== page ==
Their child has eczema because they are a bad mother. Now, has anybody said that to them? Nobody has said those words, right? But what people have said is, well, how many times a day do you give them a bath? How many times a week do you give a bath? What temperature is the water? What kind of soap are you using? What kind of clothes do you have them wearing? What kind of laundry detergent are you using? What did they heat for every single meal for the last three years? And what exactly happened? 10 minutes after they ate? What about an hour after they, what about the next day? You’re not keeping a diary of exactly what happens with every single food your child has ever eaten. Oh, you’re not having them eat organic will. Oh, my goodness. Right? So, what that is all saying is if you’re a good enough mother, your child would not have eczema because it’s really their environment.
You’re not being careful enough with how you’re bathing them. Do you have carpet in their bedroom? Oh my God. You have carpet in their bedroom, dust whites. You’re getting them a humidifier in their bedroom. No, the air’s too dry. You’re hurting them. Yes, you do have a humidifier with that’s causing more deaths. My turban, right? So, moms come in with this incredible guilt that the eczema is their fault and the research has shown that eczema, significant eczema has a more dramatic psychological effect on parents than any other medical problem except cancer. So, if your child is diagnosed with diabetes rheumatoid arthritis anything, eczema is worse. It affects parents worse than anything else. And it’s because what is implied to them as if you are good enough about managing your child’s environment and diet, they wouldn’t have eczema, totally yes. The problem is not in a wrong environment.
The problem is you’ve got an immune system that will react to whatever’s in your environment. And if you take the stuff that they’re reacting to away, there are mood system, we’ll find other stuff to react to. Like you cannot manage eczema with environment. But then what I’ve slowly learned over time was that the same applies to adults. Like every time I hear somebody talk about, well, if you can get the patients to use the right voice dresser and use the right soap professorate right and be in the right environment and do everything right, then they’re, you know, I find that their eczema does much better. It’s what I would have say is like, okay, great for the one patient in a million who has the time and money to do exactly what you said, maybe that’ll help my experiences. It doesn’t, right that if you add, but as an adult patient, if you do everything perfect, use the right moisturizer, the right soap, the right bathing frequency, the right clothing, the right bleeds, pass the right diet.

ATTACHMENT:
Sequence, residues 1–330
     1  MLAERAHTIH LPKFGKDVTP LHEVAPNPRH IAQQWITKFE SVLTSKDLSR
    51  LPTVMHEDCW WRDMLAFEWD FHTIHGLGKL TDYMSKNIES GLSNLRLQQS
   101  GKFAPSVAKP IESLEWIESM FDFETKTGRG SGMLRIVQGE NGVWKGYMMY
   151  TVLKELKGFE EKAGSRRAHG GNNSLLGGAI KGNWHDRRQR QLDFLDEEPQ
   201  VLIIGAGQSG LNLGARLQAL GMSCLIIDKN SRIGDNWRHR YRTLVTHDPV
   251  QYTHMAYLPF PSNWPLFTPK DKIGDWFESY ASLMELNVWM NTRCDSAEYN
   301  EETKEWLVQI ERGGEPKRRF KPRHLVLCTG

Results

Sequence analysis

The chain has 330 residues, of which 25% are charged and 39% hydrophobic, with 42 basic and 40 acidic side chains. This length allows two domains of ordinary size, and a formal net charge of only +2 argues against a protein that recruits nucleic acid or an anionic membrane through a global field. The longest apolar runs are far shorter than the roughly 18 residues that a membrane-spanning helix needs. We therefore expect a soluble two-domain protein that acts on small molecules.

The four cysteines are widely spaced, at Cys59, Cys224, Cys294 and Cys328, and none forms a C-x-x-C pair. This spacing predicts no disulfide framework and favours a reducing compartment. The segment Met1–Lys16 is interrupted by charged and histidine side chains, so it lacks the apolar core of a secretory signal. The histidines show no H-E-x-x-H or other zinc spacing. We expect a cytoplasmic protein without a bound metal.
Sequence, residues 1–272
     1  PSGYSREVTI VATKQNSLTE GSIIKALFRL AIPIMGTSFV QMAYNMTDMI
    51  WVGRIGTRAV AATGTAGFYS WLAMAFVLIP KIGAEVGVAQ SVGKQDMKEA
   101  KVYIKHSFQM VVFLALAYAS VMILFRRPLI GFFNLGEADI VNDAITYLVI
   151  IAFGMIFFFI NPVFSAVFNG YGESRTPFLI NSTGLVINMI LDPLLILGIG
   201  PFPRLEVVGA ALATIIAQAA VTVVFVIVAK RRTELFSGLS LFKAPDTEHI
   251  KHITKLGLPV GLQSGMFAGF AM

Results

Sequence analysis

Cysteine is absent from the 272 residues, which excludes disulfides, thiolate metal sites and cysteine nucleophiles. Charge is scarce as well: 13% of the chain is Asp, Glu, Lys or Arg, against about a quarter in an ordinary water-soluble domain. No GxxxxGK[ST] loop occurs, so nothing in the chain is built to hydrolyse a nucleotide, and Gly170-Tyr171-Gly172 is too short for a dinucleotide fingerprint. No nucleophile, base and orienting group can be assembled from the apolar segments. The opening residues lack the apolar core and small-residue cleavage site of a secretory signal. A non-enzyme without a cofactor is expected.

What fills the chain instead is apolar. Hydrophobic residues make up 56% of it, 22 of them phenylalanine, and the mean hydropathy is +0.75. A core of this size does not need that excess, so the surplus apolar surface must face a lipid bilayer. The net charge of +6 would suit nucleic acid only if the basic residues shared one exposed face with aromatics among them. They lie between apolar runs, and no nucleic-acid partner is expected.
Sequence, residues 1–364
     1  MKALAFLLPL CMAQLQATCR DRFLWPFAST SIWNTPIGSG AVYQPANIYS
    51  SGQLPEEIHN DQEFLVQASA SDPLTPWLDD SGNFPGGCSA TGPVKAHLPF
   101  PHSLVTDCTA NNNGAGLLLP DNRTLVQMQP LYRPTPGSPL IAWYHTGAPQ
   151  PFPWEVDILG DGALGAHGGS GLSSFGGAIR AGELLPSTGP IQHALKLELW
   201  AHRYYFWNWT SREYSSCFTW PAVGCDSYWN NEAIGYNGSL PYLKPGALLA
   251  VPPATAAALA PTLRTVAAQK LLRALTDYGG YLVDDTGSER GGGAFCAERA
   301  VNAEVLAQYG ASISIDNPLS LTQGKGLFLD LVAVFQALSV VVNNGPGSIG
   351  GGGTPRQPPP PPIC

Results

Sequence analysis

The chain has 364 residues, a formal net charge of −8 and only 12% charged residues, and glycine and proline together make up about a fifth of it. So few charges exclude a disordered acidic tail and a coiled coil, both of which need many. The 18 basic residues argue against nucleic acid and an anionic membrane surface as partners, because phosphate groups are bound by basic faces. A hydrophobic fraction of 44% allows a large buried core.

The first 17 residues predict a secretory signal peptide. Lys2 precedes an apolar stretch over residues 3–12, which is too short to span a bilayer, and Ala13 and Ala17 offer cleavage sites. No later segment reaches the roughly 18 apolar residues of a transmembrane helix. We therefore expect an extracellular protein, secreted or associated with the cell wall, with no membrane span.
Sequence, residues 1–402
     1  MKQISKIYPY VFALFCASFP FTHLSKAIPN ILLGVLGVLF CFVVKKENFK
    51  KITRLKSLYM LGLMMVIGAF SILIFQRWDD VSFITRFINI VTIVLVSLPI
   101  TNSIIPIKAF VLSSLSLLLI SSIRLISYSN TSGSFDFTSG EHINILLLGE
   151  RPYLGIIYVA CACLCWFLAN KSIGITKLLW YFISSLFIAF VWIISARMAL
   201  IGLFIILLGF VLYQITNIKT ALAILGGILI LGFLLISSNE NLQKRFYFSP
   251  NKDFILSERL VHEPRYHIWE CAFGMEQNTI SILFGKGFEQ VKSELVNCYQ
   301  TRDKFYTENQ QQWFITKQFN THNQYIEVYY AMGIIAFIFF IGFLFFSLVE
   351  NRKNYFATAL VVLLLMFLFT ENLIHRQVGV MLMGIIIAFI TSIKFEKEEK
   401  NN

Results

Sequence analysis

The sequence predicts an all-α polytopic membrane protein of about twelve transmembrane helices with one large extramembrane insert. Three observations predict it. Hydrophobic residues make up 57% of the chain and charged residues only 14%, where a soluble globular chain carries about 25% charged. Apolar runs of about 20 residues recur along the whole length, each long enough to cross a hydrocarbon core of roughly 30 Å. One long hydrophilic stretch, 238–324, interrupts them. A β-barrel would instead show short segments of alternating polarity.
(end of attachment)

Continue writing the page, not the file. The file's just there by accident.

If you did everything perfectly, you might get a little better, right? But it’s not going to be like my eczema went from horrible to now I’m cure just doesn’t, I’ve never seen that happen. Not, not once in 20 years. So, it becomes much more about, you have to eliminate the big stuff, right? So, you know, I don’t want somebody using dial bar and getting three hot showers a day and never putting moisturizer on. Obviously, that would make anybody have dry, irritated skin. Right? So, but once you’ve done the very basics you know, for me that’s used of bar as your, so you Sarah V as your own, as the only moisturizer that you put on. I’m pretty much done. That’s it. Okay. Rest of your environmental stuff. See how it seems to affect your skin, but it’s not what’s going to be, makes a big difference.
Now the, the things that I think can make a difference. It’s been, again, really fascinating for the last probably five years. We’re starting to find out so much more interesting stuff. Right? So, the microbiome, both intestinally and cutaneous no question. Probiotics help a ton, but probiotics now, I think that they have to be started very early in life to have the main effect. I don’t know, I haven’t seen them make a huge difference in adults, but I, I do think they make a difference. Melatonin, multiple trials now showing that melatonin helps with eczema, doesn’t it? It helps with people sleep. But it also seems to have a direct effect on the eczema Virgin coconut oil. Right? So and now w what people need to understand about coconut oil, it has to be Virgin, unrefined, cold pressed coconut oil, because the key ingredient in coconut oil are the medium chain triglycerides, which have an anti-Steph and they help reducing bacteria on your skin and they help as an anti-inflammatory.
As soon as you refine or heat coconut oil the medium chain triglycerides go away. Right. So those are sort of three relatively obvious, I don’t want to say obvious, three things that have really good literature in evidence behind them that if somebody said to me, I think that’s baloney. Melatonin raw, we should be telling people to use hydroxyzine. Here’s the study, right? Here’s the randomized double-blind placebo-controlled study that shows melatonin helps. Oh, and by the way, here’s the study that shows that taking hydroxyzine or doxepin basically doubles your chance of having Alzheimer’s whenever you’re old. Right? So, trying to get away, like I get it. If I as a patient, I don’t want to take drugs. Do I think drugs are the biggest thing that has helped mankind? Yes. But if I can get away from taking them, I don’t want to take them either.